A 9-year-old South African child diagnosed with HIV when he was 1 month old has been in HIV remission for 8½ years -- without regular treatment.
This is the first reported case of a child controlling their HIV infection without drugs in Africa and the third known case globally.
Soon after diagnosis, the child was placed on antiretroviral treatment, or ART, for 40 weeks, at which point treatment was stopped and the child's health was monitored.
Blood tests in late 2015 revealed the child is in HIV remission, meaning levels of the virus in the blood are undetectable using standard tests. Subsequent testing of samples dating back to the child's infancy confirm remission was achieved soon after treatment was stopped.
Treatment was paused as part of a larger research trial investigating the potential for early ART to decrease infant mortality and reduce the need for lifelong treatment among newborns infected with HIV.
"This is really very rare," said Dr. Avy Violari, head of pediatric clinical trials at the Perinatal HIV Research Unit at the University of Witwatersrand in South Africa. Violari is the child's doctor and presented the findings at the 9th International AIDS conference on HIV Science in Paris on Monday.
"By studying these cases, we hope we will understand how one can stop (treatment)," Violari told CNN.
There is no cure or vaccine against HIV, and lifelong treatment for children comes with the risk of potential toxicity, side effects and the need for daily adherence, which becomes harder during the teen years.
The benefits of early treatment
The child, who was not identified, was part of a study known as the Children with HIV Early Antiretroviral Therapy, or CHER, trial, which ran from 2005 to 2011. More than 370 infants infected with HIV were randomly assigned to immediately receive ART for either 40 weeks or 96 weeks. A third group were not placed on immediate treatment, but instead received treatment according to standard guidelines at the time.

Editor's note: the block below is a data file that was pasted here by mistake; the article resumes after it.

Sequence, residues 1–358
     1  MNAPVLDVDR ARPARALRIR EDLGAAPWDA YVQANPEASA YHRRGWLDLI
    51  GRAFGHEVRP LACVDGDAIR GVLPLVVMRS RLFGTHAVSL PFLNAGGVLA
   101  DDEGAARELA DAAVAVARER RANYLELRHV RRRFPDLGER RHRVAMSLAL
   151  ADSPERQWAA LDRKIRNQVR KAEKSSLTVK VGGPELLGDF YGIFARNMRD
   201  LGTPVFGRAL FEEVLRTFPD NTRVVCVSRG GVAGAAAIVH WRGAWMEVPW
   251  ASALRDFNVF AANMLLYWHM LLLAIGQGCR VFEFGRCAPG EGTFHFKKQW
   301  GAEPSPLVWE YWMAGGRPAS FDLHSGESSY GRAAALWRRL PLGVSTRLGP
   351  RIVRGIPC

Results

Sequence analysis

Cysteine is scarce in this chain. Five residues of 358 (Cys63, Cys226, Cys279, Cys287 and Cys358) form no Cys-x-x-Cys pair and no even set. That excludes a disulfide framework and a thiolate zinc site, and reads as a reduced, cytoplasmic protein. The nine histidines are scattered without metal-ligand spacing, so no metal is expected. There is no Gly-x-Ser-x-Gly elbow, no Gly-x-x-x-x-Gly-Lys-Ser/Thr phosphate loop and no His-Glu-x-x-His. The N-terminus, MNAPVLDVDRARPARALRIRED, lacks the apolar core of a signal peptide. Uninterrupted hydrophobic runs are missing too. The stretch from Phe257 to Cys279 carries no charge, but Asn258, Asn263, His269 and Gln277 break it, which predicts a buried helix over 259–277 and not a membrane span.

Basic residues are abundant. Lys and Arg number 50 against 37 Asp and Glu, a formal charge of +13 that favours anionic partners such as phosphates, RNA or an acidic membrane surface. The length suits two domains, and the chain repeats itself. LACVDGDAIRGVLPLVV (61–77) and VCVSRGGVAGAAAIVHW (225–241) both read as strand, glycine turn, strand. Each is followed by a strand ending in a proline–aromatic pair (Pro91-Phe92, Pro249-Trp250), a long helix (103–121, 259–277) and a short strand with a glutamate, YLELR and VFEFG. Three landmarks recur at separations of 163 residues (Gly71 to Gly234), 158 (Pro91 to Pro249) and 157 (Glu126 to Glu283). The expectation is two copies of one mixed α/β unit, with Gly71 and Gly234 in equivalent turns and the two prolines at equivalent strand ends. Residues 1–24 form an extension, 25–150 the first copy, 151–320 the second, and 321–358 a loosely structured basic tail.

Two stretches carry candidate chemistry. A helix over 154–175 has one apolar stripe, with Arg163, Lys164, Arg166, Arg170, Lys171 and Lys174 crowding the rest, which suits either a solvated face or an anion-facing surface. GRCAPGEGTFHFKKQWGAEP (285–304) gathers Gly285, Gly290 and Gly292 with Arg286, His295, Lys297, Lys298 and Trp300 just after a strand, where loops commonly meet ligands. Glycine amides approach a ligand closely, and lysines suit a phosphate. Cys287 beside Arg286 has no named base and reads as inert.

When the trial began, standard treatment was based on the level of immune cells damaged by the virus, known as CD4 cells, within the body. Current guidelines recommend immediate treatment, irrespective of CD4 cell count.
In infants infected with HIV close to birth, progression of the disease occurs very rapidly within the first few months of life and can often lead to death, according to the World Health Organization. An estimated 110,000 children died of AIDS-related illnesses in 2015, according to UNAIDS.
Pediatricians also worry about the side-effects and health impacts of lifelong treatment with antiretroviral drugs for those who survive.
More than 1.8 million children were living with HIV in 2015, according to UNAIDS, and 150,000 children became newly infected, the majority of which were in Africa.
The CHER trial set out to investigate whether mortality rates could be reduced, but also whether earlier treatment could keep children healthy enough to enable them to come off treatment for certain periods.
"We were hoping to make it a slower-progressing disease," said Violari.
The study found mortality decreased by 76% and HIV disease progression reduced by 75% among the infants who received treatment immediately, for 40 or 96 weeks. The group receiving standard treatment saw an increase in mortality based on interim results, so that arm of the trial was stopped early.
Children receiving early treatment in the trial needed to go back onto it, on average, after two years, Violari said, with cases ranging from needing it immediately to needing it after four years. An estimated 10 children have not had to go back on treatment, she said, as their viral loads are fairly low -- between 1,000 to 3,000 per milliliter of blood -- meaning they are healthy, in clinical terms.
But virus levels in the 9-year-old case are undetectable. "The child is the only child showing remission," said Violari.
"We cannot see virus in the blood using standard techniques ... we can see fragments of the virus in the cells," she said, adding that these fragments appear not to be able to replicate, for now, giving hope the child may stay this way. "This child is unique."
Only three cases
The South African child is the third reported case of long-term HIV remission in a child after early, limited treatment with antiretroviral drugs.
The first case was a Mississippi baby, a girl born in 2010, who received ART just 30 hours after birth until she was 18 months old, at which point HIV remission was achieved. The baby sustained remission for 27 months, until 2015, when she rebounded and the virus was found in her blood, crushing hopes that this approach could be the route to a "functional cure" for HIV.
Next came the 2015 case of a French teenager, now 20, whose mother was HIV positive. The French child was given antiretroviral treatment soon after birth, stopped treatment at age 6 and has maintained undetectable levels of the virus in her blood since.
Asier Saez Cirion from the Institut Pasteur in France, who presented the findings on the teenager in 2015, confirmed to CNN this week that the teen is still in remission and maintaining good health, meaning she has been controlling her virus for more than 13 years.
Now comes the case of the 9-year-old in South Africa, in remission for more than eight years, but after just 40 weeks of treatment. Violari stressed, however, these cases are extremely rare and that people infected with HIV should by no means come off their treatment.